/deuh min"i keuhn/, adj.
1. of or pertaining to St. Dominic or the Dominicans.
2. a member of one of the mendicant religious orders founded by St. Dominic; Black Friar.
[1625-35; Dominic- (s. of Dominicus Latinized form of Domingo de Guzman, founder of the order) + -AN]
/deuh min"i keuhn/ for 1, 3; /dom'euh nee"keuhn, deuh min"i-/ for 2, 4, adj.
1. of or pertaining to the Dominican Republic.
2. of or pertaining to the Commonwealth of Dominica.
3. a native or inhabitant of the Dominican Republic.
4. a native or inhabitant of the Commonwealth of Dominica.
[ < Sp dominicano; (defs. 2, 4) DOMINIC(A) + -AN]

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Member of the Order of Friars Preachers, a Roman Catholic preaching and teaching order founded by St. Dominic.

It dates officially from 1216, when Pope Honorius III gave it his approval, though Dominic had begun to build it at least a decade earlier. In contrast with earlier orders, the Dominicans were not organized in autonomous monastic houses, but joined the order at large and could be sent to any house or province on the order's business. The early teaching centers were at Bologna, Paris, Cologne, and Oxford. Dominican preachers spoke out against the Cathari, the Moors, and the Jews and were among the first missionaries under the Spanish and Portuguese explorers. Dominicans were put in charge of the Inquisition when it was founded. Perhaps their most famous member was St. Thomas Aquinas.

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▪ religious order
byname  Black Friar , member of  Order of Friars Preachers , also called  Order of Preachers (O.P.) 

      one of the four great mendicant orders of the Roman Catholic church, was founded by St. Dominic (Dominic, Saint) in 1215. Dominic, a priest of the Spanish diocese of Osma, accompanied his bishop on a preaching mission among the Albigensian (Albigenses) heretics of southern France, where he founded a convent at Prouille in 1206, partly for his converts, which was served by a community of preachers. From this developed the conception of an institute of preachers to convert the Albigensians, which received provisional approval from Pope Innocent III in 1215. Dominic gave his followers a rule of life based on that of St. Augustine (Augustine, Saint) and made his first settlement at Toulouse; on Dec. 22, 1216, Pope Honorius III gave formal sanction. The novelty of the institute was the commission to preach Christian doctrine, a task previously regarded as the prerogative and monopoly of bishops and their delegates; a corollary was the obligation of theological study, and, as early as 1218, Dominic sent seven of his followers to the University of Paris.

      From the beginning the order has been a synthesis of the contemplative life and the active ministry. The members live a community life; and a careful balance is maintained between democratically constituted chapters, or legislative assemblies, and strong but elected superiors. In contrast to the monastic orders that predated it, the Dominican order was not a collection of autonomous houses; it was an army of priests, organized in provinces under a master general and ready to go wherever they were needed. The individual belonged to the order, not to any one house, and could be sent anywhere at any time about its business; this innovation has served as a model for many subsequent bodies.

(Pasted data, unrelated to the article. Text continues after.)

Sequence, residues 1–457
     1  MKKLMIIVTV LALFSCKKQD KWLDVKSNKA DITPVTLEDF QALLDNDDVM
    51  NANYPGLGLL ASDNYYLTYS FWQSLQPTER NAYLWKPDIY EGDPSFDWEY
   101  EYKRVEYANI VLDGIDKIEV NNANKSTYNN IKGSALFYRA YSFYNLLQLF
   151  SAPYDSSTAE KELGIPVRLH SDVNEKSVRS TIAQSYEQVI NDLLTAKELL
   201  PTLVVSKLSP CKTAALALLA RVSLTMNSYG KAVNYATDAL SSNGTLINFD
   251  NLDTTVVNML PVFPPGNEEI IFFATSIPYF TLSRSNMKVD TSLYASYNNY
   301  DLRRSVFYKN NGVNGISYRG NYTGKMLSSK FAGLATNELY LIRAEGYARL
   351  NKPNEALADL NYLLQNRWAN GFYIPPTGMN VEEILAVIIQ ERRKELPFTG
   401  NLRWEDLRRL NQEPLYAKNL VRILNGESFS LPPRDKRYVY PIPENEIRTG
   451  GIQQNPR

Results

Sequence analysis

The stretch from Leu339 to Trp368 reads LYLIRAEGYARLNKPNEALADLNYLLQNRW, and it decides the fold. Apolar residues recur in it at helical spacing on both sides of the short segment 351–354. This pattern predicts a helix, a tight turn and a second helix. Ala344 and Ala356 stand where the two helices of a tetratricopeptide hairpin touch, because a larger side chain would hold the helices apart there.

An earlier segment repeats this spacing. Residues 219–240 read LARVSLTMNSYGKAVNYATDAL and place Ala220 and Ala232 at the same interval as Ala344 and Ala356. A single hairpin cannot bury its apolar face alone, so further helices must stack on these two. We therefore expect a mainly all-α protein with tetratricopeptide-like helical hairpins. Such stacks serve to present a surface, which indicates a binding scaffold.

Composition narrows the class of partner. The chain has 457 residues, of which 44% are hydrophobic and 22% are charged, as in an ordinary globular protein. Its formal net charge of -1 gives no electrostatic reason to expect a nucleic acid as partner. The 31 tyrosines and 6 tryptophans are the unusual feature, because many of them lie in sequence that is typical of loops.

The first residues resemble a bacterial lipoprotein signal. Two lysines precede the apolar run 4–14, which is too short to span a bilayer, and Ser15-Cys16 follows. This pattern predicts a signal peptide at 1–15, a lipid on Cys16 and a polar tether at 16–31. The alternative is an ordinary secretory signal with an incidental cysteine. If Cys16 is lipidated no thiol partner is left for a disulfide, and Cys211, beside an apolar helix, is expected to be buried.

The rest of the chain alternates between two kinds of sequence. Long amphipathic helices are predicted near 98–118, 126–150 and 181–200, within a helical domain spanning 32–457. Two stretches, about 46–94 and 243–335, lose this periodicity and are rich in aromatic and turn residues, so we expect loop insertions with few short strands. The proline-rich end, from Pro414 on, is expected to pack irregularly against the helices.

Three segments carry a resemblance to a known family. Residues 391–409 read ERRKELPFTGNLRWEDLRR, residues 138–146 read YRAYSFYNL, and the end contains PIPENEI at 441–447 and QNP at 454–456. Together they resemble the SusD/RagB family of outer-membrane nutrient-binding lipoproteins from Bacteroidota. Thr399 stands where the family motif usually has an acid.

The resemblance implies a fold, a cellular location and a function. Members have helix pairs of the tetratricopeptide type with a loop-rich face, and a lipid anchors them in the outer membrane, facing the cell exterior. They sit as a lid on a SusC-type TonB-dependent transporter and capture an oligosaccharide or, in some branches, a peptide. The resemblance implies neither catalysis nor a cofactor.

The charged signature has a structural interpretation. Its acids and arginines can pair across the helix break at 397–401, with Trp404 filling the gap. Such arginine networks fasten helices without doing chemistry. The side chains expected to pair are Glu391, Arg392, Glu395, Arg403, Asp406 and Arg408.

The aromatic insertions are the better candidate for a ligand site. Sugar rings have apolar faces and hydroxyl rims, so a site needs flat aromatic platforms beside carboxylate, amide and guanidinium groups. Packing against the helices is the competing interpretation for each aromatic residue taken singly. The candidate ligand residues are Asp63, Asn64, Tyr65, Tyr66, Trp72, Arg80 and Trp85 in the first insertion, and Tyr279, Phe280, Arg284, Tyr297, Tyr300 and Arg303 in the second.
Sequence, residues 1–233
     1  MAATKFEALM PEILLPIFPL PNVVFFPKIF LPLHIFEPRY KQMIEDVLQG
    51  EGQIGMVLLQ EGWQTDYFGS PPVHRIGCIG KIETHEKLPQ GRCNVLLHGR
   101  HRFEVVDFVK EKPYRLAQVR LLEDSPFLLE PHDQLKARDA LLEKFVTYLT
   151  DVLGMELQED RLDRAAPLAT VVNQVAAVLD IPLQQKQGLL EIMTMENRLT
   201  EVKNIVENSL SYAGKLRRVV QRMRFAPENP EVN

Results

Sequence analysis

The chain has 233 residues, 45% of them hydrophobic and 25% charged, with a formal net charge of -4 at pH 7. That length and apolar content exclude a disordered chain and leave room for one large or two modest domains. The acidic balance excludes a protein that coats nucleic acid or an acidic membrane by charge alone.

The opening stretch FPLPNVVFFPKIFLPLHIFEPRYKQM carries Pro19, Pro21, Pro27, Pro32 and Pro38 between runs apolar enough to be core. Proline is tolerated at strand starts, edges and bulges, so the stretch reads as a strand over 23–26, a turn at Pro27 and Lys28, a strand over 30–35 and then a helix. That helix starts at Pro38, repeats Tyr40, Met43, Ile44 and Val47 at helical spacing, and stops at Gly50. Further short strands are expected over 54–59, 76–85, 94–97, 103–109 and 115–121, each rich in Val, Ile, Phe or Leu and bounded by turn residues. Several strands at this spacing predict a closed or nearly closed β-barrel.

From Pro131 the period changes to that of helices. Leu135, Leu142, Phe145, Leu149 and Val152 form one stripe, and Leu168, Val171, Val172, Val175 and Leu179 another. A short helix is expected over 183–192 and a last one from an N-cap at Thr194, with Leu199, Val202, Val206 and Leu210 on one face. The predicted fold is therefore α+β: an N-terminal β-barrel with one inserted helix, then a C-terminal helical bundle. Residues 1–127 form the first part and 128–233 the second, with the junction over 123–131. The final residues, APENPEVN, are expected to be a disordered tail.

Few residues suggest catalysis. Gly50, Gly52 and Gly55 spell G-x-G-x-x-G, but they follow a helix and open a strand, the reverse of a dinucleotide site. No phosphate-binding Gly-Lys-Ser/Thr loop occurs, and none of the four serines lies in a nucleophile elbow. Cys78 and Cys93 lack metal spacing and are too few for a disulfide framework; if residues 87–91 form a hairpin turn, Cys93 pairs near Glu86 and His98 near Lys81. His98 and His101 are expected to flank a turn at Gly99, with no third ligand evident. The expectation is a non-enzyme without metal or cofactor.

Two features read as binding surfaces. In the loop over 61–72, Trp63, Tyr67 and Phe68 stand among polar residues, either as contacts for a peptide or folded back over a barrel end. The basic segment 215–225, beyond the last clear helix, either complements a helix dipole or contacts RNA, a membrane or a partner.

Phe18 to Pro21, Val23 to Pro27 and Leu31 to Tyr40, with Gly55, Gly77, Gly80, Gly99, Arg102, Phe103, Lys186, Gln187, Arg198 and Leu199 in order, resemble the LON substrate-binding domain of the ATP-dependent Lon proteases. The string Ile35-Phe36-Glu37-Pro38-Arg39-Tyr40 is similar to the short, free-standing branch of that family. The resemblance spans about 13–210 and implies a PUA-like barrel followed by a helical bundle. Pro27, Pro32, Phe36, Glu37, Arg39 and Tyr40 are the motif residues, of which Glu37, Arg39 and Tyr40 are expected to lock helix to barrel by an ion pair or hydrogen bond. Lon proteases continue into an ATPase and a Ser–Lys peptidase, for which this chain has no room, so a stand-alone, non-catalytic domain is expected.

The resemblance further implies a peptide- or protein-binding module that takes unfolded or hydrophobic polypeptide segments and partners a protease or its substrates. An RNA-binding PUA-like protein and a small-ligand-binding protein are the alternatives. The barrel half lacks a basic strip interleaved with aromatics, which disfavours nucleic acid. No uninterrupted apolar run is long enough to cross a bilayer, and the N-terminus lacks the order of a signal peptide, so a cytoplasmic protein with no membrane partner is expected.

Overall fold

Within 40 years of the order's foundation, talented members were concentrated in the schools at Paris, Bologna, Cologne, and Oxford; many eminent masters of the universities (university) took the Dominican habit and became in time regents in the friaries. Originally students of theology only, and with no distinguishing philosophical opinions, they were led by Albertus Magnus (Albertus Magnus, Saint) and his pupil Thomas Aquinas (Aquinas, Thomas, Saint) to a study of the newly available works of Aristotle (Aristotelianism) that had been transmitted to Europe by Muslim scholars and to the integration of philosophy and theology. After a short initial opposition, the system of St. Thomas Aquinas (Thomism) was adopted as official (1278). Meanwhile, the Dominicans pursued their vocation to preaching. In southern France they spoke out against the Albigensians and, in Spain and elsewhere, against the Moors and Jews. They evangelized the non-Christians in northern and eastern Europe, in the lands of the eastern Mediterranean, and in India. When the inquisition was established, Dominicans were entrusted with its execution. They were among the first and most energetic missionaries (mission) in the “expansion of Europe” under the Spanish and Portuguese explorers and later under the French. In modern times they have broadened their preaching apostolate to include work in the fields of radio, television, films, and stage.

      The Dominican order has continued to be noted for an unswerving orthodoxy, based upon the philosophical and theological teaching of Aquinas, and has steadfastly opposed novelty or accommodation in theology. The 19th and 20th centuries have witnessed a tremendous development of congregations of Dominican sisters engaged in teaching, nursing, and a wide variety of charitable works. Some of these congregations, such as the Maryknoll Sisters, are devoted to work in foreign missions.

Additional Reading
Richard Woods, Mysticism and Prophecy: The Dominican Tradition (1998).

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Universalium. 2010.

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